Saturday, March 14, 2020
The Stories They Told Us
As far as I know, my mother only had two children. I say that because even the most sainted, apple-pied mothers among us have been revealed to have birthed unexpected others. We've learned that DNA can now tell us those most hidden of our ancestors' secrets.
That said, our mothers can turn out to be two totally different people in the eyes of their descendants, even when they were ever-present and always accounted for. We discover that when we learn how different the stories told to us turn out to be, when compared with the stories told to our siblings.
I've been thinking, lately, about one such eye-opening experience when I realized that the stories my mother had told my sister were totally different than those she shared with me. Not that I'm inferring that my mother fabricated events or experiences, but simply that the course of conversation with one person can lead to revelations which were never shared with another person.
Think about it: if you have specific interests, it would be no surprise to learn that, in the course of conversation with others, your favorite topics would naturally come up as subjects to discuss—if the others in the conversation shared that interest. If, in moving to another group holding no interest in common with that first group, it wouldn't be a surprise to learn that the topics discussed with that second group would be quite different than those in the first.
Since my sister and I are two totally different people—I have a bent for the creative, pursuing music and writing, while my sister is all about business and finance—it is no surprise to learn that the same woman who was mother to both of us would nevertheless engage in totally different topics of conversation when she visited each of us in our adult years. Yet I never gave that dynamic much thought until my sister nonchalantly mentioned something about my mother in one of our phone calls a few years ago.
"What?" was my immediate response. "When did she tell you that?" I had never heard such a thing.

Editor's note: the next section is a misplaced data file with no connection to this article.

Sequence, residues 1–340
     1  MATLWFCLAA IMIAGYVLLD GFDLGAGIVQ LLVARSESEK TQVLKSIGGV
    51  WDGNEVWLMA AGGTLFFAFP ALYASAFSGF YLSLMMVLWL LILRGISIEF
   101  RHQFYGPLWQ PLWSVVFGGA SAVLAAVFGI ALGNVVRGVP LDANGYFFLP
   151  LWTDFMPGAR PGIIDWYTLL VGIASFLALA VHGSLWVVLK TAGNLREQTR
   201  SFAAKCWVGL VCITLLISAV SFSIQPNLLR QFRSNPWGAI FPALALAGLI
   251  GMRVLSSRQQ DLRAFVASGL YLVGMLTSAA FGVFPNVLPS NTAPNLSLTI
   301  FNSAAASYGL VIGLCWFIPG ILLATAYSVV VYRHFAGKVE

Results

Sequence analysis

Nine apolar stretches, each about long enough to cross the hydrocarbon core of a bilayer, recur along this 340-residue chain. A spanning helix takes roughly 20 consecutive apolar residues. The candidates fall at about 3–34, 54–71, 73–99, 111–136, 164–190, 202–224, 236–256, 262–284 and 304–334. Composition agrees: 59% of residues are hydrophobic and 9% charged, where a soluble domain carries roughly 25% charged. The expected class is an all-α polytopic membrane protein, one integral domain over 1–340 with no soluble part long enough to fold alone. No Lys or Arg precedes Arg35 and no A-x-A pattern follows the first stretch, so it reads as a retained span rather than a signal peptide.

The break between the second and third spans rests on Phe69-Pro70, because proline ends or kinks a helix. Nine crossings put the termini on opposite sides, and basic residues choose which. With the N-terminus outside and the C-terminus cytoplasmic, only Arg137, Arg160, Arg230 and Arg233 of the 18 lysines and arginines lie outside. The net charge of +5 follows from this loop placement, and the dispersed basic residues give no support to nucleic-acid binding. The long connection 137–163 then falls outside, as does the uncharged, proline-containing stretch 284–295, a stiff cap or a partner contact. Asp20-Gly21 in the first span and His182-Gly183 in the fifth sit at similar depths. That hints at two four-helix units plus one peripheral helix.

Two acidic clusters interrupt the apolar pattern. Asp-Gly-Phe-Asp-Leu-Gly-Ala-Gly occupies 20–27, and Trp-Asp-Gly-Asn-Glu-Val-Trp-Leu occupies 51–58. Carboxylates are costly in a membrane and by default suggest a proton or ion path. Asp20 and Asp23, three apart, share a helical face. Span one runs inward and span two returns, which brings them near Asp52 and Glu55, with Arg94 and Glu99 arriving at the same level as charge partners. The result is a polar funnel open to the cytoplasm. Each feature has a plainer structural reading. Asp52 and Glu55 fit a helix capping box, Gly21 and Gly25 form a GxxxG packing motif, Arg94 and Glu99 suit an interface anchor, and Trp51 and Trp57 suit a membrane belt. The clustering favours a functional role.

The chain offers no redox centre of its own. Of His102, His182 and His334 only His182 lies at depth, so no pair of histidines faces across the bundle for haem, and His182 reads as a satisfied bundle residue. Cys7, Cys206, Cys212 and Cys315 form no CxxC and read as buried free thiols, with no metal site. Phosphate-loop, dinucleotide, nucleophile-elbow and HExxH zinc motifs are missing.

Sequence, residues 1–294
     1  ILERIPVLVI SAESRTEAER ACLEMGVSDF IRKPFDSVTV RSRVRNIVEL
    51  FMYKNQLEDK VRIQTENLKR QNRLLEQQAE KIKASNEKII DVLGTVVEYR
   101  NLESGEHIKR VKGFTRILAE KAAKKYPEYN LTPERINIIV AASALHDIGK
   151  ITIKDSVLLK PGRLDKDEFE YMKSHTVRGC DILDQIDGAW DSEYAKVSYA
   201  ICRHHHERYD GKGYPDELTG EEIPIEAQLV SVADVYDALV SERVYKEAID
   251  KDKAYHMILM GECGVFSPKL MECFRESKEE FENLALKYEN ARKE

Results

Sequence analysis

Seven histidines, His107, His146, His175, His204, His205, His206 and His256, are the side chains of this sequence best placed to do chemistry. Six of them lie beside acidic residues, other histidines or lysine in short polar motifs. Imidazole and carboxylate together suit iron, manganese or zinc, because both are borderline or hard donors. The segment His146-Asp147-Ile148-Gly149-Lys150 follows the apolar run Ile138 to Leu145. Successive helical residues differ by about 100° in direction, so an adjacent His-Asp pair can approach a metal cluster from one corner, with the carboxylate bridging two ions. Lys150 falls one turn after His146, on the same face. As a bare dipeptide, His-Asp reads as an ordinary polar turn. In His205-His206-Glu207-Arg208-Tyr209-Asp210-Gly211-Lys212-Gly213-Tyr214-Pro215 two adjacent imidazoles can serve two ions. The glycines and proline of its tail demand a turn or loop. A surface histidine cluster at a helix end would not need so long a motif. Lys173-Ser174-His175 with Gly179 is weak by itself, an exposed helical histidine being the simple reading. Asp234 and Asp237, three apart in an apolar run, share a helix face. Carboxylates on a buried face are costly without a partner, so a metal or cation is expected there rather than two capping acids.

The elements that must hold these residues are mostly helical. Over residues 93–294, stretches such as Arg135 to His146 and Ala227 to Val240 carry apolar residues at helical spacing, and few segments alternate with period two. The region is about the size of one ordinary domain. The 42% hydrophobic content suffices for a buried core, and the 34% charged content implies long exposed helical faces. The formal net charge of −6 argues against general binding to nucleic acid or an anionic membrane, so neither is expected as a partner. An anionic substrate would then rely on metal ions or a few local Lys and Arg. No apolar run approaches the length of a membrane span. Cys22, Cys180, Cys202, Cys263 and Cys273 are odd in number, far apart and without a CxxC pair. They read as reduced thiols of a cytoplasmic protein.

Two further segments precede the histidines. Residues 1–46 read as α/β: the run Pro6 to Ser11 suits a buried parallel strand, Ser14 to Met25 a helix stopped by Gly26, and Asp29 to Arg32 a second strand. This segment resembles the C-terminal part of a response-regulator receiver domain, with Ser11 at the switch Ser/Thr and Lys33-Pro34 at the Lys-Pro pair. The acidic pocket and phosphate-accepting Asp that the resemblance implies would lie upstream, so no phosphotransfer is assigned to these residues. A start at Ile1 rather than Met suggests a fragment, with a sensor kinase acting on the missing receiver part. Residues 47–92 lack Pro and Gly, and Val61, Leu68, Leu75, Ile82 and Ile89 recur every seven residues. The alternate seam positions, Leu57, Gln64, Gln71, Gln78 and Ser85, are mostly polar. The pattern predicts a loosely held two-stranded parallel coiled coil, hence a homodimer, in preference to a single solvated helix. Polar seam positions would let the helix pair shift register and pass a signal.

It might sound as if my mother were two different people from an incident like that, but it's likely that you may have experienced the same thing, too, if you have siblings. I can think of moms who drag themselves to their kids' sporting events—all the while secretly hating the dust mixed with sweat under the roasting sun—leaving their children to assume that their mother loved baseball. Or dads who would never otherwise have stepped inside a theater to experience a ballet performance, if it weren't for the fact that his little cherub was up on stage with the rest of those angels in tutus for this year's iteration of The Nutcracker.
All that to say, last week I was teaching my beginning genealogy class and going through the usual routine of urging students to begin their research by gathering the oral history of their family from family members. When we were younger, we could perform such information-gathering exercises by reaching out to parents and grandparents, aunts and uncles. But this was a lifelong-learning class comprised of retirees, many of them who can no longer discuss such questions with their parents. Some of them are now left with only their siblings—sometimes, only the younger siblings who weren't around in those early years to even have met the older relatives.
In that case, I suggested, ask your siblings about what they do remember. After all, if the stories my mother told my sister were so different than those she shared with me, if the two of us piece together our joint memories, we'll have a more complete picture of the person my mother actually was.
Not only is that relative someone each family member experiences differently, but each of us interprets our memories differently, too. As detectives have learned, in questioning witnesses to crimes and other traumatic events, one person may notice a specific detail in the episode while another witness might focus on a totally different part of the scene. It's not that their memories are flawed, but just that each person takes in a different picture as the event is unfolding. Because the same process impacts our observations about everyday life as well, it makes sense to share our family stories with each other as we compile our reflections on our recent ancestors.
I sometimes view compiling a family history much the same as seeing an artist create a scene in mosaic form. Each tiny chip of tile or glass, while in itself merely a flat color, is worked into the broader picture to not only create the nuances of an accurate portrait, but to reflect the flavor of each beholder's subjective experience in the portraying of that life. Preserving the full aspect of the stories our parents and grandparents told us means inserting that multi-faceted mosaic of viewpoints we gain by encouraging the others in our generation to contribute to the process.